January 22, 2022

You have likely heard the term “filibuster” thrown around a lot over the last couple of weeks. It is a word that isn’t used much outside of D.C., but it is important to you as the resident of a small, rural state. 

The filibuster is a procedural tool used in the Senate to pump the brakes on a piece of legislation that the minority party finds troubling. It raises the threshold for passage of a bill to 60 votes as opposed to a simple majority of 50 votes. Use of the filibuster forces senators from both parties to reach a compromise on an issue. 

In order to form a more perfect union, our Founding Fathers gave us a government that filters the will of the majority through a deliberative process of amendment and debate. 

The filibuster was created to protect the voice of the minority – to make sure that one party did not have unilateral rule over every decision, and to slow down the process and force debate on important policy changes. 

The filibuster sets the Senate apart. In the House of Representatives, it is all about majority rule. The Founders intended the Senate to be the “cooling saucer” of the legislative branch – the body that paused and took time to consider how the majority’s actions would affect the minority. The filibuster is an important method to accomplish that.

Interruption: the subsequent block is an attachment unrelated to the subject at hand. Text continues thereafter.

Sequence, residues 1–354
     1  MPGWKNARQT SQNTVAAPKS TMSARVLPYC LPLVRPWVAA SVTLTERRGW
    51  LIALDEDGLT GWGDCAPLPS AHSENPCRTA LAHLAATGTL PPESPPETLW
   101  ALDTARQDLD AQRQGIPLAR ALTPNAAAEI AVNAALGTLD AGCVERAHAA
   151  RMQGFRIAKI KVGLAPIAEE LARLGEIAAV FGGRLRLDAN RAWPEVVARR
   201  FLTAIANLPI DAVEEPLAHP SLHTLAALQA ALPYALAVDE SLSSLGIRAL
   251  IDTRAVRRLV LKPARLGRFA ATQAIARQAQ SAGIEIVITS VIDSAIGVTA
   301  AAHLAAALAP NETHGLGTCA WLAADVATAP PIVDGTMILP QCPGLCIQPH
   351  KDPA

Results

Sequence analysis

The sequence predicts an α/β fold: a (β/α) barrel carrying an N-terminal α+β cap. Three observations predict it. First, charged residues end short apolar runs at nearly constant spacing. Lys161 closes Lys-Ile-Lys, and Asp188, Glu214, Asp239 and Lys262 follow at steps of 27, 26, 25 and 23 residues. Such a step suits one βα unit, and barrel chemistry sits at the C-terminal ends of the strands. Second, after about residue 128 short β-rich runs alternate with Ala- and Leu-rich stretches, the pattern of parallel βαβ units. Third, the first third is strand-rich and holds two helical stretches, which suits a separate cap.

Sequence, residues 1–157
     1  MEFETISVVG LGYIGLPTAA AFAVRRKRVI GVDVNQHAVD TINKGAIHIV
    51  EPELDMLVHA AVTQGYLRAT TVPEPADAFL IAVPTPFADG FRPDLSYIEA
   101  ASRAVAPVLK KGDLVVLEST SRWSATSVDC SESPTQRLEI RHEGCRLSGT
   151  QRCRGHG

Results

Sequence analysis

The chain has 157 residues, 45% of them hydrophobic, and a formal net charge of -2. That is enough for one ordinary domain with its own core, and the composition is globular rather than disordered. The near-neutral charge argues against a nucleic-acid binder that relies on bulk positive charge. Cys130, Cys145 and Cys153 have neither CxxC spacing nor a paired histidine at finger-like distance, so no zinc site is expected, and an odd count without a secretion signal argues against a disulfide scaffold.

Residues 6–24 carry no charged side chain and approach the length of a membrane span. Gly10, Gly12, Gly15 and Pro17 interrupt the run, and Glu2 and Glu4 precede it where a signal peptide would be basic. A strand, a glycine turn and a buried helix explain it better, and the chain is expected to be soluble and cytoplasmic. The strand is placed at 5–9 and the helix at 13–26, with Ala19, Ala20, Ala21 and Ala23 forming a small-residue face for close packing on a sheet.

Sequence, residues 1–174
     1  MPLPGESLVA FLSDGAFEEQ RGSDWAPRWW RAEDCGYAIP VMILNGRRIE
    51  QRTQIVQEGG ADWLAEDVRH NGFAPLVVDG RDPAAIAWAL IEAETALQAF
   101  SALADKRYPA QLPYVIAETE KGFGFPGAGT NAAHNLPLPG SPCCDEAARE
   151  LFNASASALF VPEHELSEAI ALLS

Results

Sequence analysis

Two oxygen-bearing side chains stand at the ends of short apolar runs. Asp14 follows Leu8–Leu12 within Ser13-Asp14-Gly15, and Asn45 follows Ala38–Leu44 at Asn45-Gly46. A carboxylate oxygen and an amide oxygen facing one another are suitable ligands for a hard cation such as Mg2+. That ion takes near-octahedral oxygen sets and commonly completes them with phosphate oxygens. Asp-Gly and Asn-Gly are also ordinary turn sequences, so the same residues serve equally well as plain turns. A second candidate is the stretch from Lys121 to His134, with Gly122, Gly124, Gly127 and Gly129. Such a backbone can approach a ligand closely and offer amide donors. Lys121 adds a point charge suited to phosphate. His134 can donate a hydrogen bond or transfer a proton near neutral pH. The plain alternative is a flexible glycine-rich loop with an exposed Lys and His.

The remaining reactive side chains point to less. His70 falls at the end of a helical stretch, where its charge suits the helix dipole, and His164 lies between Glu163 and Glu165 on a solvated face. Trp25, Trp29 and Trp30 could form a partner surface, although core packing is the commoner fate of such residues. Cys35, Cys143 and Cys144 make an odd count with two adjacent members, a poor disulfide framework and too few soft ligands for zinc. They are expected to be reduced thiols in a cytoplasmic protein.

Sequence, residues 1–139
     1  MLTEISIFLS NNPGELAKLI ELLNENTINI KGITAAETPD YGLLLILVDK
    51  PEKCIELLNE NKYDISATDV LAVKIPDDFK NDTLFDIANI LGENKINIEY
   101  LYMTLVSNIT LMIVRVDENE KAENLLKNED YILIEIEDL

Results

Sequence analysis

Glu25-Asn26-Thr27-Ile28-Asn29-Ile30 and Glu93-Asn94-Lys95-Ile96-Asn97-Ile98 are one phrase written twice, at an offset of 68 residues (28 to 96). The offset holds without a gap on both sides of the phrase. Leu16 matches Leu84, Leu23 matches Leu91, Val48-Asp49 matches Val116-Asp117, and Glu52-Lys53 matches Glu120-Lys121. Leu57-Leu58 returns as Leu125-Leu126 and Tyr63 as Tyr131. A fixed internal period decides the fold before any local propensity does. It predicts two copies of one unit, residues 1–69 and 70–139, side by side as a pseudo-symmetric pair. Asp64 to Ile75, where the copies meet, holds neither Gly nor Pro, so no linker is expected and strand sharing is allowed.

Simply put, the filibuster gives the party not in power a voice to speak for forgotten Americans and for small states like Wyoming. Democrats have relied on the filibuster heavily in years they were in the minority, as have Republicans. However, it’s shocking to me that Democrats have so dramatically changed their tune on the filibuster. 

Our country is divided right now. If we want a more perfect union than we have today, we need more compromise, not less. This is why we have institutional norms, like the filibuster. When one party starts tearing up norms to achieve a partisan goal, they might gain in the short term, but they do irreversible, lasting damage to our institutions. 

Our Founders understood that the ends do not always justify the means. That’s why we have the separation of powers, two chambers of Congress, and the Bill of Rights. 

Right now, we need to choose the harder right over the easier wrong. Compromise is hard, but the American people have placed a great deal of faith in each of us to get it done. 

I have faith in us, as well. We need to protect our institutions. We need to protect the filibuster, and with the help of Senators Joe Manchin and Kyrsten Sinema this week, we protected the voice of the minority in the Senate.